Every day many drivers are involved in car wrecks, often because of the careless actions of other people. If this happens to you, what should you do? First, don’t panic. Check everyone in your vehicle and the other car(s) to make sure no one is seriously injured. If EMTs are needed, call them – and the police. Make notes of who is injured and what the injuries initially seem to be. Don’t move a seriously injured person unless it’s absolutely necessary for their safety.
If no one is seriously hurt and you can move the vehicles off the road, do so. But first take a few quick pictures of the accident scene. If the vehicles cannot be moved, leave them where they are and start taking pics – lots of images that show vehicle damage, the overall accident scene and any other property damage from the accident.
It’s essential that you start to gather complete information on the other party/parties at the accident scene, such as:
This evidence you gather at the scene strengthens your claim that you were the one who was hit.
- The other driver’s name and address
- His or her insurance company name and policy information
- Statements and contact information from any witnesses.
If your car insurance company has a mobile app that can help you document the accident while at the scene, use it. Many insurance providers have apps that have an accident checklist and tell you how to gather information that will aid in filling your claim with your insurer. This evidence also helps defend you should the other driver’s insurer later accuse you of causing the wreck.
Kentucky is a limited no-fault state, so you only have to deal with your insurer, which then deals with the other driver’s carrier. The companies ultimately decide which one pays for the accident in the end. You should contact yours as soon as you can and strive to give them as much factual and pictorial information as you can.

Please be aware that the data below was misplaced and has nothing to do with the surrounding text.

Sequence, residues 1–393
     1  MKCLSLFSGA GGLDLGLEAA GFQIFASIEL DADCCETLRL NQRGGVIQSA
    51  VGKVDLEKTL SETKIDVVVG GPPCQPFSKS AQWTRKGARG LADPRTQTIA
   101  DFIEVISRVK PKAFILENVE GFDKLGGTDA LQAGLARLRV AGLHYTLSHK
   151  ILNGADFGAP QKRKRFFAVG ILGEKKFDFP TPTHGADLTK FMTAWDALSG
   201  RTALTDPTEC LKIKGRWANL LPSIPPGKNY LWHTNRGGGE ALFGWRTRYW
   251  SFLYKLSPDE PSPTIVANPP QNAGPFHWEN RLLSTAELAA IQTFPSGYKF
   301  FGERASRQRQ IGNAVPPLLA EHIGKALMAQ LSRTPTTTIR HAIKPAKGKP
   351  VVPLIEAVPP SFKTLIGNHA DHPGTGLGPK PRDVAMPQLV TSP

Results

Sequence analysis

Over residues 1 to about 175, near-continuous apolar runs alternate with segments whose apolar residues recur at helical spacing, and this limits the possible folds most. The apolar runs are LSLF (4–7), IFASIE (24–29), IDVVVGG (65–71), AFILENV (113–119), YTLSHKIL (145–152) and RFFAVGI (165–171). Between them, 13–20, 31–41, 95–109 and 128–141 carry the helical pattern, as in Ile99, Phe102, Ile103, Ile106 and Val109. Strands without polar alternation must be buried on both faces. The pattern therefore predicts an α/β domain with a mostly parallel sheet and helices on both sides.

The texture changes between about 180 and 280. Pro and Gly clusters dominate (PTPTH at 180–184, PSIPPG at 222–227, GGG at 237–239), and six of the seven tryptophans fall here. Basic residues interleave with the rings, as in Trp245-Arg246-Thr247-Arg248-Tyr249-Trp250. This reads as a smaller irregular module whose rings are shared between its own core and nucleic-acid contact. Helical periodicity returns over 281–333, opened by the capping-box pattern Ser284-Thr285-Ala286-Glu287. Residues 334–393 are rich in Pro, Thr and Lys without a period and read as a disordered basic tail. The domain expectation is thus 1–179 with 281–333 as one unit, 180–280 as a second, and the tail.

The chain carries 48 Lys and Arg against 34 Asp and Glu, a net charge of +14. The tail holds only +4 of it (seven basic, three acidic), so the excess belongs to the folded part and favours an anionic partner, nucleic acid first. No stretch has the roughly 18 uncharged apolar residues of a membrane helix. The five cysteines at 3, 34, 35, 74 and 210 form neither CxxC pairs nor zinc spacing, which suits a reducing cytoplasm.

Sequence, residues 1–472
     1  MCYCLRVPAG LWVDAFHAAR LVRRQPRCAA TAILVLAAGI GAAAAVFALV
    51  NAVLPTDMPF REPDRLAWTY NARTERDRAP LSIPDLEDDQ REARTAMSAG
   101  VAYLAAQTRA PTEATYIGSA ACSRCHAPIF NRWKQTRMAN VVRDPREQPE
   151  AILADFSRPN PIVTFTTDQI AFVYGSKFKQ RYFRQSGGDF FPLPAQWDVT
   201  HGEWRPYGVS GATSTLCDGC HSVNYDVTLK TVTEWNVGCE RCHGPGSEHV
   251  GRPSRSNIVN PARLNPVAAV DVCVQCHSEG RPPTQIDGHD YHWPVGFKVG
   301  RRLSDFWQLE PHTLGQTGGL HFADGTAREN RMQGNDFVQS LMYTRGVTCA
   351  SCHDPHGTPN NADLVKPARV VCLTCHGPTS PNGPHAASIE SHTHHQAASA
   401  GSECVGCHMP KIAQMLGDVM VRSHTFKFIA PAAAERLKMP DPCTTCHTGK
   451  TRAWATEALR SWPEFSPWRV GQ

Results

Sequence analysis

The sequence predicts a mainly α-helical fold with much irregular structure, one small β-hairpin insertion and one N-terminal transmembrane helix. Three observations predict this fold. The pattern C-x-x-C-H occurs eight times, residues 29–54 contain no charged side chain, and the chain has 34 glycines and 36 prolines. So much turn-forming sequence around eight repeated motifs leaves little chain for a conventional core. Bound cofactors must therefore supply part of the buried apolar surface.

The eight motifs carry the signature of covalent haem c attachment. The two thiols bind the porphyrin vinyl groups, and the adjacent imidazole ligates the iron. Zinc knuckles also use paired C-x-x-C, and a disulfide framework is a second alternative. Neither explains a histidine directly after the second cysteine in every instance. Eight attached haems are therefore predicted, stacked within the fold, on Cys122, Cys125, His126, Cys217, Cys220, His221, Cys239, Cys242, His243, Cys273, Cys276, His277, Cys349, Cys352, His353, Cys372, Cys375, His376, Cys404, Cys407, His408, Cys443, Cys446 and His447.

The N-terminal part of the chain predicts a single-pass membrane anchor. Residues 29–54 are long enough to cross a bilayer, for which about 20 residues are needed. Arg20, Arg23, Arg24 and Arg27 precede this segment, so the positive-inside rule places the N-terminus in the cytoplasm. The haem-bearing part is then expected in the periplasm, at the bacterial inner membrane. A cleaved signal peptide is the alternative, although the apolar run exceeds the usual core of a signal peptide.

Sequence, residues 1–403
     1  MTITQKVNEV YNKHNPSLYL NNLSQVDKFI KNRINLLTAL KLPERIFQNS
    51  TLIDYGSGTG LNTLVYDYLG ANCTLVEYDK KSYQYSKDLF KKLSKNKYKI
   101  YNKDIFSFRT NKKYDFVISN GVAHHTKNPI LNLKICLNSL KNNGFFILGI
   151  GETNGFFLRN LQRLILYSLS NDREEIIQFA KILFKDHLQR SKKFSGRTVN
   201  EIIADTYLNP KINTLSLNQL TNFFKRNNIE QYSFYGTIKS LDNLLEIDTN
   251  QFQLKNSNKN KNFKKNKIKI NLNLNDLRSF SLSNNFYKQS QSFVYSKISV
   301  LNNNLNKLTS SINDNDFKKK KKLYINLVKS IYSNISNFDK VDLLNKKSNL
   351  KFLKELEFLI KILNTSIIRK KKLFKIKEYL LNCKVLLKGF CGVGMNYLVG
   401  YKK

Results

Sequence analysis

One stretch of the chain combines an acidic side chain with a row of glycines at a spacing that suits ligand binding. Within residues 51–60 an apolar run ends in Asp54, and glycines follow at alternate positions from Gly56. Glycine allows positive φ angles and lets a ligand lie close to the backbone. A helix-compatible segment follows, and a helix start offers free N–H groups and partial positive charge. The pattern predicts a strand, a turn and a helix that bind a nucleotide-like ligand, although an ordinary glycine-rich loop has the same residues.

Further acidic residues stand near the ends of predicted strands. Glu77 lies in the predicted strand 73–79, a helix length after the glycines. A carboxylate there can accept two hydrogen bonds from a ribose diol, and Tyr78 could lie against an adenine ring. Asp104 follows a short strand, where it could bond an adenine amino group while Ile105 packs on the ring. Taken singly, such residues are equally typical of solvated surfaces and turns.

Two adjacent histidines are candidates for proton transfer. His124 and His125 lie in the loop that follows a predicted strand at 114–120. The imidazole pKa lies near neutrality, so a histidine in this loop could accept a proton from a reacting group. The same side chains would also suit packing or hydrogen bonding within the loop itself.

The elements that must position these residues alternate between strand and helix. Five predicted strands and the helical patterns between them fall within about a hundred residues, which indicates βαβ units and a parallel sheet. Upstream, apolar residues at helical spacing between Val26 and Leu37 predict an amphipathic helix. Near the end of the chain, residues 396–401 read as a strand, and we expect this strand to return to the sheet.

The police will typically come to the scene, especially if anyone’s injured. The accident report they create usually determines who is at fault, but only for the purposes of ticketing the driver if he or she broke any traffic ordinances. Independently, insurers determine fault based on all evidence, such as the police report, driver and witness statements, and physical evidence. Although a police report is not necessarily admissible in civil court, if it clearly indicates the driver who hit you is at fault, it gives you strong leverage when trying to reach a fair financial settlement.
Once the accident scene is cleared and the police tell you when you can pick up your copy of the accident report (very important you get a copy ASAP), the next thing you MUST do – if you did not visit the emergency room – is to see your personal physician as quickly as you can get in. Many injuries from car wrecks don’t appear immediately, especially soft tissue injuries of the spine and limbs and some brain injuries. Even if you go to the ER, you should still see your doctor quickly. Emergency treatment is not curative treatment. Seeing your doctor after an ER visit shows you’re taking your recovery seriously, and it is less likely the other insurer will deny an injury claim later.
Know Who to Turn to When an Accident is Not Your Fault
Maybe it turns out you might have been partially at fault. That’s one of many excuses the other driver’s insurance company may use to dispute your claim. Whether you share blame or bear no fault at all, it’s a good idea at this time to at least visit with an accident attorney at the Billy Johnson Law Firm in Pikeville, Kentucky. Initial consultations are free, and you are under no obligation to retain the firm at all. But if something does come up later, we’ll have all the facts and know how best to proceed on your behalf.